Fast forward to Labor Day, 2013. Charlie, my 4-year-old, has been on a year-long potty training escapade. (Read about how it all started here). Charlie tends to go a few days without accidents, then he’ll “mail it in” for a day and have several potty-in-the-pants moments. In an effort to get Charlie focused, we decided to create a “Potty Challenge”. If Charlie could go seven days without an accident, I’d take him shopping for a new Skylander. As an added bonus, I told him I’d take a video of him and put it on YouTube. It took Charlie some time, but he finally made it seven days without incident. What follows is our first CharlieTubeHD video. Enjoy!

Le Petit Problème

“Daddy?”

“What, Charlie?”

“I need to go potty.”

“Of course you do…we’re late for the doctor, so you’re gonna just have to hold it.”

“But I can’t…I need to go now!”

“We can’t stop, Charlie, just hold it”

“DADDY!, PLEASE!”

The stoplight is red.  My steering wheel knuckles are white. Many miles away and very few minutes to spare lies the doctor’s office.  We had intended to leave 15 minutes earlier, but my wife was late.  Not that it would have mattered.  I was not ready.  Work piling up. Deadlines missed.  Soccer practices, baby’s not sleeping, family in town, medicine not adminstered, work to be completed, laundry to be folded, quality time to be scheduled, red lights staying red and red and red and red…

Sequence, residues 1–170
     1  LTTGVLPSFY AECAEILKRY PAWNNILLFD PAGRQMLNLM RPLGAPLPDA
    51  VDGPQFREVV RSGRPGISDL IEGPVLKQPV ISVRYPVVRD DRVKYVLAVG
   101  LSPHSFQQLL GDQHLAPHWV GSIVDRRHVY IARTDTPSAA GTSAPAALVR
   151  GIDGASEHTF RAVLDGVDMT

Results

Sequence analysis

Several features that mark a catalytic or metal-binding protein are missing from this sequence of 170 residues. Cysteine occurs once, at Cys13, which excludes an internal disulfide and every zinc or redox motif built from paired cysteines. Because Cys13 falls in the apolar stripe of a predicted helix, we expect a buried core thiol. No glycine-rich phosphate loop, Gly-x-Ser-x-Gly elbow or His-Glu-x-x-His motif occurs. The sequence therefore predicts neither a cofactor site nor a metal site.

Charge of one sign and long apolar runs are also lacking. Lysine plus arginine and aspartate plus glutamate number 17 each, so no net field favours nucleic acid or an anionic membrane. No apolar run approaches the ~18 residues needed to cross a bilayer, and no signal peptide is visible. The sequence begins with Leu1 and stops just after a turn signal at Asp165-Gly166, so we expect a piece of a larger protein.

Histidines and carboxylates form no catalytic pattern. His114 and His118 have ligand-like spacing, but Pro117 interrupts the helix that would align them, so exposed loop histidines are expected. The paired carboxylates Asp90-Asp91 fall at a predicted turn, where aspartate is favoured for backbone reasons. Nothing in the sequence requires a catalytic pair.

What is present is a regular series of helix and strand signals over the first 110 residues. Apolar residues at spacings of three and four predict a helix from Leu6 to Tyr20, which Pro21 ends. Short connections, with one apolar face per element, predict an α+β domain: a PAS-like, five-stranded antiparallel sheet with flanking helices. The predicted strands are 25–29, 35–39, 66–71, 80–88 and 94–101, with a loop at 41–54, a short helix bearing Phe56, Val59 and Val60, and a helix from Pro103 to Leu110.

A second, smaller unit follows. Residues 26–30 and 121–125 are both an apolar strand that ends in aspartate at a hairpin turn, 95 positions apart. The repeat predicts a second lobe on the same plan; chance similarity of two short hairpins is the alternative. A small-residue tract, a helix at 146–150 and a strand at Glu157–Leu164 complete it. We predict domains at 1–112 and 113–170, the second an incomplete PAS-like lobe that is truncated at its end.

“Daddy…….Daddy……Daddy?”

“CHARLIE, JUST HOLD IT, GODDAMN IT!”

The intesnity of the scream startled even myself as I thought…”I supose I could have handled that better.”

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Petit Mal Seizures

A few weeks back, my wife told me that she  had begun to see Charlie, my four-year-old son, “space-off” from time to time and she asked if we should be concerned.  Shortly there-after, I saw one of these “space-off” moments for myself.  Basically, Charlie was mid-sentence at the dinner table, stopped, stared off into space for a few seconds, and then was back to normal.  At first, I didn’t think much of it and told Lindsey not to worry.  Charlie has a habit of getting ahead of himself, and I felt this was just an example of his brain working a little “over-time” to catch up with his thoughts.